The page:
He began by sending packages mostly to Iraq and then later to Afghanistan as troop build up there continued. The cold weather in Afghanistan has inspired him to send hand warmers that troops can stick in their gloves, he said.
In each package, Downer also includes cookies and a can of Spam -- two items he remembers receiving in care packages. The Spam, however, is something of an inside joke. Downer said he remembers getting sick of Spam, as it was almost always included in the care packages he received as a young Marine.
"I want to get the reaction when they get so tired of it," he said with a chuckle. He also includes chocolate chip cookies because "everyone knows that chocolate chips are a winner."
Downer, who retired from the Marines as a second lieutenant in 1952, said his military experience played a large part in forming his character.
"I loved it. It squares you away for the rest of your life," he said. "You have ethics involved; you have morals involved; you have honor; you have integrity. Those are attributes that can't be taken away from you."
Downer said he hopes his packages increase morale and said he receives letters from the troops thanking him for thinking about them.
"They're really appreciative that somebody over here is thinking about them," he said. "It brings the morale ... to a higher level."
Downer said he will continue to send the packages "as long as there's a need and that's for some time."
Excerpt From Article
By Matt McLaughlin
The Record Herald
Wed May 27, 2009, 11:21 AM EDT
On May 29, 2009 which would have been Hope’s 106th birthday a first-class commemorative stamp depicting Hope will be available at post offices around the country.
Bob Hope was born Leslie Townes Hope on May 29, 1903, in Eltham, England. In 1907, Hope’s father moved the family to Ohio, where they became U.S. citizens.
For almost six decades, the man known as "G.I. Bob" to soldiers traveled the world to entertain America’s troops.
"Bob Hope’s unwavering commitment to the morale of America’s servicemen and women is entertainment history, indeed, world history. Many say ‘legend,’" reads the entertainer’s biography on the official Bob Hope Web site.
In 1997, he became the first person recognized by the U.S. Congress as an honorary veteran of the U.S. armed forces.
The military care kits include everything needed to ship to military personnel overseas. The kits contain six flat-rate boxes, packing tape, labels and customs forms.
Murphy wants to be sure that everyone with loved ones overseas knows about the U.S. Postal Service’s discounts for military shipping and the free care kits.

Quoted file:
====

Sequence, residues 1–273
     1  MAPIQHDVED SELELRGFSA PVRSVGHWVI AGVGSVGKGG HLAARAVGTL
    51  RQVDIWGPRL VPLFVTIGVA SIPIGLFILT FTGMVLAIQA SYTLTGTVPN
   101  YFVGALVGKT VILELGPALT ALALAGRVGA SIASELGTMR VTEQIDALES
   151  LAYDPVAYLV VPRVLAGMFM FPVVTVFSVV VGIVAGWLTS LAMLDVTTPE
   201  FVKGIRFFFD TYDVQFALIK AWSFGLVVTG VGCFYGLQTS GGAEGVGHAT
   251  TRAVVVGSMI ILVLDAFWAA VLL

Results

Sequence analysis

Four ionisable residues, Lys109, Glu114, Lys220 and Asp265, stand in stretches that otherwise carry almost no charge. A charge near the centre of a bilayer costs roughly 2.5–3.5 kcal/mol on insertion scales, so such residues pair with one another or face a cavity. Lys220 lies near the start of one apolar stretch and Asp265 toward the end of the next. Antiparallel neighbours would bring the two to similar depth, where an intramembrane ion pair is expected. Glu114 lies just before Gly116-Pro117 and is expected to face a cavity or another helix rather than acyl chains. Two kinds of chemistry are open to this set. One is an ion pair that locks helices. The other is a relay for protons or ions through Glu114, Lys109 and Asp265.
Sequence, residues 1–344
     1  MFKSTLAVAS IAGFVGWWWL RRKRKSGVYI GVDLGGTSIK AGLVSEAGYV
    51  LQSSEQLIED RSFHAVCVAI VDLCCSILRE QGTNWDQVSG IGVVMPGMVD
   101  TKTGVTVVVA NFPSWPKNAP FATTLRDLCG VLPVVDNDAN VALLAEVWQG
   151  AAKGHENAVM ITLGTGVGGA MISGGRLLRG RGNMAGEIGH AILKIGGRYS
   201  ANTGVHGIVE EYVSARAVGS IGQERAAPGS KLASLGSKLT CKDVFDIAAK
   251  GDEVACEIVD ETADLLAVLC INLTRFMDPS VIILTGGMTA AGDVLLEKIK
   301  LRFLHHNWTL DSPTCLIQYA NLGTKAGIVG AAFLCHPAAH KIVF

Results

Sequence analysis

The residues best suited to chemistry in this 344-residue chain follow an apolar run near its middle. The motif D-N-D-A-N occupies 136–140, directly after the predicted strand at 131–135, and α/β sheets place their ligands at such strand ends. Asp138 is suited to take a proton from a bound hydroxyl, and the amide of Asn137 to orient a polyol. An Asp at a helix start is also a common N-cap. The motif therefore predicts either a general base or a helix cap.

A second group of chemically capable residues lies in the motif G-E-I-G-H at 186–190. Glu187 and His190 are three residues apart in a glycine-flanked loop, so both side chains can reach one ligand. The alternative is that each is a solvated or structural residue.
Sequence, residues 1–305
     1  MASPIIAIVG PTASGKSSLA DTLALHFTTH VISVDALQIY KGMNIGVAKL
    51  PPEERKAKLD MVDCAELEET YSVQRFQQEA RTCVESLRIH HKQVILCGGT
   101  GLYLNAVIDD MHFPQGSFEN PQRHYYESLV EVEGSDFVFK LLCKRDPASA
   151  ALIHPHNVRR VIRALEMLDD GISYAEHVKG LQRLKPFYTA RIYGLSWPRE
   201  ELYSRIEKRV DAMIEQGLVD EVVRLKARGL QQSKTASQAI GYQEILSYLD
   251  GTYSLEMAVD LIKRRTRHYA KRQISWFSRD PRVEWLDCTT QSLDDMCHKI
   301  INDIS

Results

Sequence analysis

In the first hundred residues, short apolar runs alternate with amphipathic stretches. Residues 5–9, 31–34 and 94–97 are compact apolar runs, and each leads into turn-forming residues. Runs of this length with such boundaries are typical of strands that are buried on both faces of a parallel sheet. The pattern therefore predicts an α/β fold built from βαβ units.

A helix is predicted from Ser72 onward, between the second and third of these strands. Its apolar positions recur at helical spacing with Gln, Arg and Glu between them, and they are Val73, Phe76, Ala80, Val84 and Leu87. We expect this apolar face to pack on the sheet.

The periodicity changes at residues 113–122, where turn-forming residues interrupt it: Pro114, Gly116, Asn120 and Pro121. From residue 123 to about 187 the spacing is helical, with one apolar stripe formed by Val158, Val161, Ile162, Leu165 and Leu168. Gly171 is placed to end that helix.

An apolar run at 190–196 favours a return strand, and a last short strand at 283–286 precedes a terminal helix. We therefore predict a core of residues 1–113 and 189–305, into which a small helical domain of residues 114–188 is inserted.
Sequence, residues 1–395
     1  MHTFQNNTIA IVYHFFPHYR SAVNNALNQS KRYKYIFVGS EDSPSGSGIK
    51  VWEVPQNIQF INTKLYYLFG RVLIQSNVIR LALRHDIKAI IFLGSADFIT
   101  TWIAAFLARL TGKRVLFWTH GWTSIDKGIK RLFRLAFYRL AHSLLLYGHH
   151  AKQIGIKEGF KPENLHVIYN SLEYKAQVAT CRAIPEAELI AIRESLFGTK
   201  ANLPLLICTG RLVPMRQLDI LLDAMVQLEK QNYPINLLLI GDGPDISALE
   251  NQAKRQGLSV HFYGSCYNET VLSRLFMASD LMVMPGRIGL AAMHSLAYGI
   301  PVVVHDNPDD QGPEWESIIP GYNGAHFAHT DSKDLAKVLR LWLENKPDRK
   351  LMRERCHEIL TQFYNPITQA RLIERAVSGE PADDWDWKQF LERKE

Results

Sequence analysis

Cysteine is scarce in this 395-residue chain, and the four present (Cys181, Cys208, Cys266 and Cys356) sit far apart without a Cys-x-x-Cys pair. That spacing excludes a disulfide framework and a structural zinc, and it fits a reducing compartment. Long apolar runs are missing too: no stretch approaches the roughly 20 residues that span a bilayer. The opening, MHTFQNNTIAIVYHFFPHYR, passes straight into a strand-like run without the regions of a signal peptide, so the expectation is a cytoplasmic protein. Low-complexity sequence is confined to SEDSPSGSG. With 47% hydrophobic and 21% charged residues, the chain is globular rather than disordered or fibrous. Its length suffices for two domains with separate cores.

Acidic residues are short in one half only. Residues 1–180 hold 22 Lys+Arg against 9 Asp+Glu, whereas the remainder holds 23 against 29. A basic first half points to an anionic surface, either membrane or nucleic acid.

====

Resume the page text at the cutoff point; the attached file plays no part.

"He (Bob Hope) seemed to care so much about them," said Murphy. "It was a good opportunity to honor him but also give thanks for what the soldiers do."
All Work anywhere from 12 hours (Standard work day hours) to 18 hours per day 7 Days a week. No days off. For 7 months at a time. I’m proud of all of them. We have grown from a small clump of dirt in the desert into a small city with Telephones, Local Area Networks, TV services, Base wide power, buried Fiber cables and improved roads. We still live in tents, but the Marines wouldn’t have it any other way. My Marines have buried over 15 miles of Fiber, and wired in over 10,000 phone lines. In less than 7 months. Think they would be worth something to the Civilian sector?
They respond to trouble tickets and resolve them in less time than it takes most companies to log it into their system. All this with less the 50 Marines manning the systems for ALL Communications systems on base. These Marines would rather go without sleep than let one of their systems fail. They impress me every day. Ever wonder why I can’t quit this rod and gun club for a cushy retirement?
They are the BEST America has to offer. Count on it.
LCpl Johnson (Holding the Spam) (Radio Operator)
LCpl Awalt (Field Wireman)
LCpl Sandwith (Radio Operator) (She just got back from serving with a Georgian Battalion in a Joint environment)
Cpl Richardson (Radio Operator)
Don Congratulation on 800 Care packages. Proud of you buddy. The Marines are lovin and hatin the new addictions to Spam. Your contributions to the Deployed Service Members warrants recognition, and the greatest recognition I can give is from my Marines. Attached is a photo of me and my Marines from MLG (FWD) G-6. Communicators all. Hard working and living the dream of defending their nation from terror. This is my honor to be associated with these young Men and Women. And it’s my honor to know you.